And the trailer can be viewed on ITunes or on OmarAcosta.tv
Q: You’ve had a very interesting career. What led you to where you are now?
My first job after Miami Ad School was with MTV as a designer, a huge step for anyone in the industry at the time. MTV was still playing music videos and the energy was great. Initially I worked on commercials and IDs (the 10-30 second animations that ended with the logo). These pieces were called fillers and were placed whenever the platform was left without content. The fillers took on a life of their own.
Opportunity presents itself in unique ways. MTV was going through a budget cut but they still wanted million-dollar work on a dollar budget and completed in an extremely narrow timeframe. I saw the challenge as an opportunity - I had no choice! I decided every piece needed to have meaning behind it, both aesthetically and conceptually. I challenged myself to take every project to the next level.
I cut my teeth at MTV. They allowed me to take risks. For example, I aesthetically generated an entire show out of graffiti for Christina Aguilera. This was an idea that I had had for a while. I wanted to turn a personal passion into an artistic element for viewers. This was something that had never been done before and after some convincing MTV gave me the green light to make it happen. As a result of doing these types of projects, I was approached by artists who wanted music videos and art within a variety platforms.
After MTV, I was recruited by Yahoo as a Creative Director in a LA based in-house ad boutique they were creating. This new opportunity really peaked my interest and I also wanted to prove to myself that I could do more than just TV. Myspace was the platform-du-jour and Facebook was growing at Harvard; YouTube had been bought by Google. The writing on the wall was clear.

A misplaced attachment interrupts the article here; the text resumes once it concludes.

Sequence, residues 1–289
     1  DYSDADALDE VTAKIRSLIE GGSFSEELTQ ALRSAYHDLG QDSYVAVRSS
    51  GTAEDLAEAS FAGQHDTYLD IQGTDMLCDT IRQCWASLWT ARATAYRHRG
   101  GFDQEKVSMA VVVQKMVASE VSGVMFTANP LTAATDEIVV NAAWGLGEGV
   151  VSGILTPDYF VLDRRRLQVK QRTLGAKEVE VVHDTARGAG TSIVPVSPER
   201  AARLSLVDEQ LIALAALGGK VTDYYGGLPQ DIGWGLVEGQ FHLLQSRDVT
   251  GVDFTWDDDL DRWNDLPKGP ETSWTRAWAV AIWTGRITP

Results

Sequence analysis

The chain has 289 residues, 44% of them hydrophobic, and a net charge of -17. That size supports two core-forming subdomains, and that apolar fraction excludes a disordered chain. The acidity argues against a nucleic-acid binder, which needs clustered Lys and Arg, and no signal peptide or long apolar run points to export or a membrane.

I decided to run with the offer and see where it would take me. When I first began they brought me in to work on a project called Word (but code-named Voltron). The idea behind the project was to create a constant streaming of content within a generated platform. It was an interactive channel. This was my first introduction to what is now referred to as content creation. Besides Word, I also worked on the rebrand of Yahoo which included redesigning the logo.
Eventually Yahoo ran out of funds and Word was dissolved. Leading me to move over to the LA studio, Prologue, Kyle Cooper's new venture. It was important to me that I learn under him, and I did.
While I was at Prologue I worked on Iron Man, Gillette, Toyota, Spider Man, the NFL, did work for Ben Stiller and on a ton of pitches. This job gave me confidence I didn’t know I needed, and pushed me to my limits in both elements of design and conceptual thinking. This was my career game changer and one of the most difficult and taxing jobs I have ever had. Many days I would arrive at 10am, get out at midnight or even 4 a.m., and be back again at 10 a.m. I lived a few blocks away on Venice Beach so that was helpful. I would never trade the opportunity. There I was surrounded by some of the best designers in the industry. That job pushed me beyond my limits.
Microsoft pulled me away from Prologue. They flew me up to Seattle and asked me to work on a top-secret project called Surface. A unique multi-touch technology coined Natural User Interface or NUI (newy). Apple just introduced the iPhone and I knew they had to be working on something similar. At first I questioned what I could actually bring to the table for them. They wanted me to be the creative director. At that point in my career I wanted to try something new. I knew that I could always go back to making movies, and again I wanted to prove to myself that I could do something different. Surface allowed me that opportunity and led to multiple design patents.
Q: What was the most important thing you learned in school that prepared you for your career?
Concepting was definitely the most important thing. It's a skill you have to condition your mind to do. I had design in my background, but at Miami Ad School my thinking completely changed. I learned to approach projects from a conceptual mindset. Every single piece of my work began to have meaning behind it. I dove into storytelling.
Q: How did you hear about the school?
I heard about the school from friends that were at FIT. A few of them were studying advertising and preparing to attend Miami Ad School after graduation. I honestly did not have any interest in advertising, but the school intrigued me. I knew right away that I wanted to be a part of something so unique. I packed my bags and started in the fall.